A lot of SF readers dismiss literary fiction as worthless: turgid, mazy, self-referential prose, annoying characters, stories that meander for hundreds of pages without really going anywhere, and a blinkered obsession with the world of today (or yesterday), with scarcely a thought spared for tomorrow. A few authors such as Michael Chabon (author of the Hugo- and Nebula-winning The Yiddish Policeman’s Union) have managed to break out of the literary ghetto, but most such fiction still languishes among an insular audience of tediously clever hipsters and academics, ignored by the SF-reading masses. I can’t deny that the stereotype is often true, but it turns out that if you dig into that ghetto’s back alleys, you’ll find a lot of excellent SF.
I just read a perfect example: David Mitchell’s Cloud Atlas. Shortlisted for the Booker prize, a big deal in the literary world, and winner of the “Richard and Judy Read of the Year” (kind of the UK equivalent of being anointed by Oprah, but more fun) it’s a book of six storylines nested like a set of Matryushka dolls which take us from colonial-era Pacific islands, through an alternate-history today, into a corporate dystopia and postapocalyptic wasteland. Does that sound like annoying meta postmodern crap? It’s really not, I swear—it’s hugely engaging. And best of all, the SF storylines are actually written in an SF mode.
A lot of the time when literary writers try their hand at science fiction, they lose faith in their readers and feel the need to explain all the SFnal elements in their story in detail and at length, robbing their story of whatever urgency it might have had. (See Doris Lessing’s Shikasta and sequels, or Audrey Niffenegger’s The Time Traveler’s Wife—I liked both, but both could have done with a lot of scalpel work.) Mitchell, clearly an SF reader himself, deftly avoids that trap; and his work is as dense with what my fellow blogger Jo Walton calls “incluing”—building the story-world by implication rather than exposition—as any Stross or Heinlein novel. Cloud Atlas is a literary novel with a terrifically crunchy science-fiction core.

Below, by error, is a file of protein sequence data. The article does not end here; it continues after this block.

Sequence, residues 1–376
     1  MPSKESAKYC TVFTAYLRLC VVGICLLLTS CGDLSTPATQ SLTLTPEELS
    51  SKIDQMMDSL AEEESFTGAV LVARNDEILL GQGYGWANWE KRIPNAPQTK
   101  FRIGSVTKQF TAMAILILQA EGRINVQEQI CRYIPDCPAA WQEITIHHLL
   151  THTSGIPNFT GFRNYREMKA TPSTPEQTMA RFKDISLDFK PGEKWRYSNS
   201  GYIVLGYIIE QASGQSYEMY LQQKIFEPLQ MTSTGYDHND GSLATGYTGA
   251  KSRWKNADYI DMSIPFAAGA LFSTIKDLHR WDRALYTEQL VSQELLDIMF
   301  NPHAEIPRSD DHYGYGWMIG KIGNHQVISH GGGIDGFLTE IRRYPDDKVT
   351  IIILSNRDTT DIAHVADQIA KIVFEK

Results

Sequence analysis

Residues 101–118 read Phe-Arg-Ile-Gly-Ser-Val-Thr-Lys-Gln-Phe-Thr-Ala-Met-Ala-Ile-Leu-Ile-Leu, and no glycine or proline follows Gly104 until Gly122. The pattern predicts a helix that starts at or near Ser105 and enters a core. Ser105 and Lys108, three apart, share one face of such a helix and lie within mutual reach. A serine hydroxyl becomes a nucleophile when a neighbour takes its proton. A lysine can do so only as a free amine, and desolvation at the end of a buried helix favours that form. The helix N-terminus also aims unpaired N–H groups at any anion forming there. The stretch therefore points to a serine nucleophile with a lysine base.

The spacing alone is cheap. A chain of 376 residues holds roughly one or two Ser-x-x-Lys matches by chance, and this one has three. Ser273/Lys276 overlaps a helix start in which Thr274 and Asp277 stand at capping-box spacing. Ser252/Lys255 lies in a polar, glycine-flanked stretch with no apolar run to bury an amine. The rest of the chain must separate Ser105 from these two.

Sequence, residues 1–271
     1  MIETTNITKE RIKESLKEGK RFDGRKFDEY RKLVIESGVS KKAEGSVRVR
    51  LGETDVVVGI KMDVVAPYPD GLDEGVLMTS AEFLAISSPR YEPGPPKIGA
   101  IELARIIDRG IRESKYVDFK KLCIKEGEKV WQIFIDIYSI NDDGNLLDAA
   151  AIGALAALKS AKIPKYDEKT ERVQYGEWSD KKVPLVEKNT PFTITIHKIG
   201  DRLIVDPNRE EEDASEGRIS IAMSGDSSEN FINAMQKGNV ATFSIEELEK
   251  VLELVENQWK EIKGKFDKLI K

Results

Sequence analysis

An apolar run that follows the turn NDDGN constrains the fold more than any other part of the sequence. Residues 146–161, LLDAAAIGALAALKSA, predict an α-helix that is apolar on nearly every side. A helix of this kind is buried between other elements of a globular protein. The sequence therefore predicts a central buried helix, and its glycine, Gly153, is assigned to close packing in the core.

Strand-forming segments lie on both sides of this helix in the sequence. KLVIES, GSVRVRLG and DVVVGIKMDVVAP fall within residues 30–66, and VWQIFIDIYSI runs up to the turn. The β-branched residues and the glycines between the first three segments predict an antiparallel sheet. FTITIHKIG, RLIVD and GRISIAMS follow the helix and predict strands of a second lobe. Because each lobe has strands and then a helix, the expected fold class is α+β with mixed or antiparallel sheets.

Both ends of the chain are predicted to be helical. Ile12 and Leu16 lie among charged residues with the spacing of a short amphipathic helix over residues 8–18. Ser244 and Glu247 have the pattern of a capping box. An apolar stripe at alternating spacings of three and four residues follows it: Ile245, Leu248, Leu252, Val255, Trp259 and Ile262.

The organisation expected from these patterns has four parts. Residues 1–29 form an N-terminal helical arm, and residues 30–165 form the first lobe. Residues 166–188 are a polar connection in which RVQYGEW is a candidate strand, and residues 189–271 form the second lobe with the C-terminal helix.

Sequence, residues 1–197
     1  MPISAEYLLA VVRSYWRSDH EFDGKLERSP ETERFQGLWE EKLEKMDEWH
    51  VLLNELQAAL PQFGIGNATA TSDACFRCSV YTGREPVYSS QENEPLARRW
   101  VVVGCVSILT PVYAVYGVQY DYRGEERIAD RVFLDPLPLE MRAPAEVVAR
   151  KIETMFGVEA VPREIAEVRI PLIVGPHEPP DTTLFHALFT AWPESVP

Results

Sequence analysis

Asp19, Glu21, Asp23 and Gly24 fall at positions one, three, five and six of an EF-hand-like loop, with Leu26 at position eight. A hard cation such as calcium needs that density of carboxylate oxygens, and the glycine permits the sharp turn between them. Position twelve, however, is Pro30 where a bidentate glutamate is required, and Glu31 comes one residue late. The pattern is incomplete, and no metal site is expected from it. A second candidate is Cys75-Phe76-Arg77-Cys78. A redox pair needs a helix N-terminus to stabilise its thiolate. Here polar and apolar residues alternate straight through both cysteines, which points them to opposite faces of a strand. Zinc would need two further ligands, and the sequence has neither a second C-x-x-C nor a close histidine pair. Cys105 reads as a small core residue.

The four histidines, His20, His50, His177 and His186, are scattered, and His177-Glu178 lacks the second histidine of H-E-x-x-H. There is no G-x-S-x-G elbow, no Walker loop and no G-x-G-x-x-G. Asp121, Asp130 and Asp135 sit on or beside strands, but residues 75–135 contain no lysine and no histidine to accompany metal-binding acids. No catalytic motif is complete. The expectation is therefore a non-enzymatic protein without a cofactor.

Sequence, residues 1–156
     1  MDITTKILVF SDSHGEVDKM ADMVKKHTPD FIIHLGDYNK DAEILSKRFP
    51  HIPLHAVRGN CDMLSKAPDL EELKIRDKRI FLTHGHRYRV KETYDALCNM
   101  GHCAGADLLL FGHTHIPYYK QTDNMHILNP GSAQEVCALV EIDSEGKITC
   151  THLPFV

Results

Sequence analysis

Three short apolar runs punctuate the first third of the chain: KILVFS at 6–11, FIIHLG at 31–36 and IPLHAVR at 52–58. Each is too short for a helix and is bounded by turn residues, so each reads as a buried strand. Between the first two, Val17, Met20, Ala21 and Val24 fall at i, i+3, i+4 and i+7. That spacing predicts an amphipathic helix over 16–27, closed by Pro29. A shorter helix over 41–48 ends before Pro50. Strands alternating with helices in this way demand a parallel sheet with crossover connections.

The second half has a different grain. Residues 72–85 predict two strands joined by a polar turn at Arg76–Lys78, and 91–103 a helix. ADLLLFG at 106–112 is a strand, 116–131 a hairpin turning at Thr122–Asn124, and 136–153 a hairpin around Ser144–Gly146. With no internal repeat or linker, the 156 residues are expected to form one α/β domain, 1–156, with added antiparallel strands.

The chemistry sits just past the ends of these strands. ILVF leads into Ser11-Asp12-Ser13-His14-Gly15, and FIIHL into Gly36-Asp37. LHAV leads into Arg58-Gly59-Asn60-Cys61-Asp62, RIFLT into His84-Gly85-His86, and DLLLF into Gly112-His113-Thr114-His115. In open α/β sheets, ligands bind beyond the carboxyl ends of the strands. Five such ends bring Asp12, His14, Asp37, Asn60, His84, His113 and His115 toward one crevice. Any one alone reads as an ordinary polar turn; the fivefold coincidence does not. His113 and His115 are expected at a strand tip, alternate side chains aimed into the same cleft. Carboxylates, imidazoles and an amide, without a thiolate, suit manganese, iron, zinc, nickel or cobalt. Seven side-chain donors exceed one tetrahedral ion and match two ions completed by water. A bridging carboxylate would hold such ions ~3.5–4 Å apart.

The same SF-wrapped-in-literary-fiction tack is taken by Margaret Atwood in her stunningly brilliant, Booker-winning novel The Blind Assassin, in which the titular fantasy story is wrapped within layers of historical fiction and present-day memoir. (Bias disclaimer: Ms. Atwood and I share an agent, though I’ve never actually met her, and for what it’s worth, I found The Handmaid’s Tale hamhanded and overly expository.) Atwood followed it with Oryx and Crake, out-and-out genre SF replete with incluing and interesting speculation. We can write off her bizarre claims that it’s not science fiction as brave loyalty to her much-maligned literary roots.
Speaking of Booker winners, Salman Rushdie’s Midnight’s Children was recently awarded the Booker of Bookers, i.e. named the best of all books ever so acclaimed—and deservedly so. It is one of the great fantasy novels of all time, a tale whose central concept is that those children born in India at the moment that country achieved independence were granted fantastic powers. Kind of a Hindu-flavoured Heroes, if you will. I’ve read it several times, and to this day, when I crack open its pages, they sweep me away.
In fact, the last three books to devour me whole in that way were all literary/SF crossbreeds. Steven Hall’s The Raw Shark Texts is a phildickian story of a man pursued by a conceptual shark. Yes, you read that right. Never Let Me Go by Kazuo Ishiguro—a stylistic chameleon who also wrote the stately Remains of the Day and the surreal, dreamlike The Unconsoled—treads well-worn SF territory, but with astonishing grace and power. And Cormac McCarthy’s The Road, a tale of a desperate struggle for survival in a burnt-out postapocalyptic future, is the bleakest, most harrowing, most unputdownable horror novel ever written.
Still suspicious? I can’t blame you. 90% of all literary fiction is still crud, and while I can rave all I like about that last 10%, you’ll never be convinced until you try it for yourself. So if you’re a hardcore purist SF reader, I beseech you, next time you’re in a bookstore, cast your misgivings aside for a moment and pay a visit to the lonely and unloved “Literary” section. You might stumble upon some of the best SF being written today.